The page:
James Daley: Old boys' network alive and well in the investment trust industry

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Indy Lifestyle Online
IN SPITE of the regulator's many attempts to clean things up, the financial services industry is still depressingly riddled with bad practice. But it's not very often that you see the apparent incompetence coming from within the mechanisms which were designed to protect consumers.

But it happened this week, as some 20 directors across four venture capital trusts (VCTs) collectively decided to sack their funds' investment manager in what appears to be a shameless bid to save their jobs. Given that independent trust directors are appointed for the sole purpose of looking after their shareholders' best interests (not their own), this will be a hard decision to justify when the regulator comes knocking at their door.

Unlike unit trusts and other open-ended funds, VCTs and investment trusts are not owned by the fund management companies. So, if their performance lags, their independent directors have the right to demand changes and, ultimately, sack the management. Although this is seemingly what transpired this week - as the directors of Murray VCTs 1, 2, 3 and 4 replaced Aberdeen Asset Management with Close Brothers, blaming Aberdeen's poor performance - the truth is far more straight forward. For almost nine years, the Murray VCTs were consistently the worst performing trusts in the sector, in which time the funds' directors did nothing to turn the tide.

After some pressure from shareholder groups last year, Aberdeen (not the directors) finally took the initiative and sacked its long-serving fund manager, John Simpson, replacing him with the well-respected private equity guru Bill Nixon. Since then, things have been looking up. And while Nixon and his team may have a tough job ahead, they are surely the right men for the job. But the twist came in one final Aberdeen proposal. To save on costs, it decided to look at merging the four funds - a move that would be great for investors, but would see most of the directors lose their jobs. No sooner had this proposal hit the table, than the 20 directors were clicking their heels and switching the management contracts elsewhere.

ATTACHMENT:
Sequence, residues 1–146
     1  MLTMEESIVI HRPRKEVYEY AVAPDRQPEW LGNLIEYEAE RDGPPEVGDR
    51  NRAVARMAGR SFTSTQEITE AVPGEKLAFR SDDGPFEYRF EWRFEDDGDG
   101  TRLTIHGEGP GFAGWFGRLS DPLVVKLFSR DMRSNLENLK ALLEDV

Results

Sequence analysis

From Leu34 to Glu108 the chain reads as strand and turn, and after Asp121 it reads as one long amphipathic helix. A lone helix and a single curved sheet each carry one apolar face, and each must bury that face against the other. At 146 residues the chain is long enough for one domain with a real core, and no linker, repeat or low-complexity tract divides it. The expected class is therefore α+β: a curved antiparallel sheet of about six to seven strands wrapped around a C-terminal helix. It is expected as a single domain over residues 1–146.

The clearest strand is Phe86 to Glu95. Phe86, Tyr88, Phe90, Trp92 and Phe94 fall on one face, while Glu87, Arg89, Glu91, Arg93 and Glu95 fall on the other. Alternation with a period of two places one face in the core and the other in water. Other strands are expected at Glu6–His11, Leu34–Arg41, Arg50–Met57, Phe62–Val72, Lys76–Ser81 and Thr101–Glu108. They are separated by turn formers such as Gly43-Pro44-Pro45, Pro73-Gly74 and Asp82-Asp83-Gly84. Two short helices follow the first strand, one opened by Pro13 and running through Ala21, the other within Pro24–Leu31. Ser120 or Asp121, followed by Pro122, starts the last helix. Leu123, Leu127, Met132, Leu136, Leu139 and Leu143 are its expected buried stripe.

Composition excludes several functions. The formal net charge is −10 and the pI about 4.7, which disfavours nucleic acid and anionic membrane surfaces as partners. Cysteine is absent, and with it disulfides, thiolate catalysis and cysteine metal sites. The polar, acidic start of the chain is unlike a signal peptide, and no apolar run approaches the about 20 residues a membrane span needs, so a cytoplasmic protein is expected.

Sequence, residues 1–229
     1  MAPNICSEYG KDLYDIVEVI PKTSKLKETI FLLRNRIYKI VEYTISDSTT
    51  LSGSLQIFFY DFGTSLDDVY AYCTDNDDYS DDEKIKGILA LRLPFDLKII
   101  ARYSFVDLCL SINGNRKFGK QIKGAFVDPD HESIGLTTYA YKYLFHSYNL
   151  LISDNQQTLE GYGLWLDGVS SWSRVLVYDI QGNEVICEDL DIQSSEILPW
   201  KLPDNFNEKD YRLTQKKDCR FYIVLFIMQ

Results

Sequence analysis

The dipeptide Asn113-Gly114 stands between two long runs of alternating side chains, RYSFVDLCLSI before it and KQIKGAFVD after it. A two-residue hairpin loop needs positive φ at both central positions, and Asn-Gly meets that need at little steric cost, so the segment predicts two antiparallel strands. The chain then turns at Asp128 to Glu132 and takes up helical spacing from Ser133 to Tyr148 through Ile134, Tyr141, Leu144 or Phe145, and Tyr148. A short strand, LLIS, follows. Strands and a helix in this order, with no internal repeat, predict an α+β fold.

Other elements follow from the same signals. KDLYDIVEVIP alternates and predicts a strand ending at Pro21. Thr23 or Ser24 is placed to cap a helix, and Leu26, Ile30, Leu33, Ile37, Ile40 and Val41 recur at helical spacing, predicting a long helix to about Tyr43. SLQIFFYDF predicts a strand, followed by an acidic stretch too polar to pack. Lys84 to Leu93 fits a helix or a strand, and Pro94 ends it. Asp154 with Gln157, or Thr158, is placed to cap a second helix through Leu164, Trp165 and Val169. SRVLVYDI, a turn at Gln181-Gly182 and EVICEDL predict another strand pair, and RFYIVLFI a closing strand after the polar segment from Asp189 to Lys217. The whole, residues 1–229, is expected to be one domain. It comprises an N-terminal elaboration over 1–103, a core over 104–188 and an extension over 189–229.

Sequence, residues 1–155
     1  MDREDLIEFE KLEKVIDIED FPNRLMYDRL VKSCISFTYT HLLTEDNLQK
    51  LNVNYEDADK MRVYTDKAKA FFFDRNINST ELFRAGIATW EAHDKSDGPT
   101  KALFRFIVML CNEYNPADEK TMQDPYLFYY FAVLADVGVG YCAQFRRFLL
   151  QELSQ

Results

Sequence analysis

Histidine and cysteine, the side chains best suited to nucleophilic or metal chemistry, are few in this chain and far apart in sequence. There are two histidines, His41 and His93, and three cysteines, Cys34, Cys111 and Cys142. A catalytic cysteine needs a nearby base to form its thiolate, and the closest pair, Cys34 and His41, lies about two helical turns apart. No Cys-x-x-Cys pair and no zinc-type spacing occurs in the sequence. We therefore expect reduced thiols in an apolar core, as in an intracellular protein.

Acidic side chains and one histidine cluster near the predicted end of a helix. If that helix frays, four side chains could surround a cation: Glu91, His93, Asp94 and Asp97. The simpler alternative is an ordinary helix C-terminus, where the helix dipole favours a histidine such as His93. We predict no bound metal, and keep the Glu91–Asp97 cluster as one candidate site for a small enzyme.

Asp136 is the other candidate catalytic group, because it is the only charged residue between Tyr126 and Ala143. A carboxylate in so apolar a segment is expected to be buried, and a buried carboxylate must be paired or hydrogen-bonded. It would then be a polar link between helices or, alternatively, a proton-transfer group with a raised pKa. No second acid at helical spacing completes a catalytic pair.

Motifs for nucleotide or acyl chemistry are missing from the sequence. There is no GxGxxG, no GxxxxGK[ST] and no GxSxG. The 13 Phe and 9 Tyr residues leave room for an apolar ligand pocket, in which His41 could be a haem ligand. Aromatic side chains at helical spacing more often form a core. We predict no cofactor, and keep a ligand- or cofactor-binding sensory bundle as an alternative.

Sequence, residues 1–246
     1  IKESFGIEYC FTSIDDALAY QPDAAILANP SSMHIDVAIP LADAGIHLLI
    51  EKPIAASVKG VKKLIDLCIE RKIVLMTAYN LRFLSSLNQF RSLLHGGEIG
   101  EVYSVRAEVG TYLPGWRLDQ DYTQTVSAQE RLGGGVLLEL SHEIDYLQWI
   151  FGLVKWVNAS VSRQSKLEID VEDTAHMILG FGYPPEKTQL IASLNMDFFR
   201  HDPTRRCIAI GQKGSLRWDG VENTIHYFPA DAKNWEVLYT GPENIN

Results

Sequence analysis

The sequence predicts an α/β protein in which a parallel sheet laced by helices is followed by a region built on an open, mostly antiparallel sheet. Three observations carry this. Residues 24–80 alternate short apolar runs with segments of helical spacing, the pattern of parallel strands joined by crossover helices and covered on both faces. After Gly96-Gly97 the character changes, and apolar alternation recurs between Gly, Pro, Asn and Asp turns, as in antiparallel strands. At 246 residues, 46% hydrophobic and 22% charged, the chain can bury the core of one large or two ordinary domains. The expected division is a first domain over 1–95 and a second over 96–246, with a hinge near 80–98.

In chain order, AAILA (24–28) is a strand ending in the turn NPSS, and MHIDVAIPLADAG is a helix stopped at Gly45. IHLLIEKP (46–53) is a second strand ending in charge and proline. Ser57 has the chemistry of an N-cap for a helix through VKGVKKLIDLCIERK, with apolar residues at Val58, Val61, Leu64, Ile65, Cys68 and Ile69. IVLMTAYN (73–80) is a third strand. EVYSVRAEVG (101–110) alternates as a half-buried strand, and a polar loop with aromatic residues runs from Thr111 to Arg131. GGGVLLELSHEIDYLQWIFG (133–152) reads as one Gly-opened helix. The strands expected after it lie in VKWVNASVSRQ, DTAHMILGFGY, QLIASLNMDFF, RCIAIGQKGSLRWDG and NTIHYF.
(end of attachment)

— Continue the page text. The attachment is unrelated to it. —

After stomaching nine years of underperformance, and not lifting a finger, we're now supposed to believe that the directors suddenly developed a conscience (personally, I'd sooner believe Elvis is alive and well and living in Peckham). But even if this was true, its decision to sack Aberdeen only months after it made a number of improvements to the funds' management simply makes no sense.

While Tuesday's announcements from the four trusts boasted a "unanimous" decision from the directors, it was surely no coincidence that one director resigned from two of the boards the next day "on a point of principle".

Although the Murray trusts may have only a few hundred investors, this is yet another example of bad practice in the VCT and investment trust sectors, much of which continues to operate through the old-boys' network. While many investment trusts continue to underperform, very few boards are willing to rock the boat and change managers. And when they do, it's inevitably for all the wrong reasons.

While the Murray directors may get away with what appears to be blatant self-preservation, I hope their decision is subject to intense regulatory scrutiny. It's easy to understand how the financial services industry has such a bad reputation.

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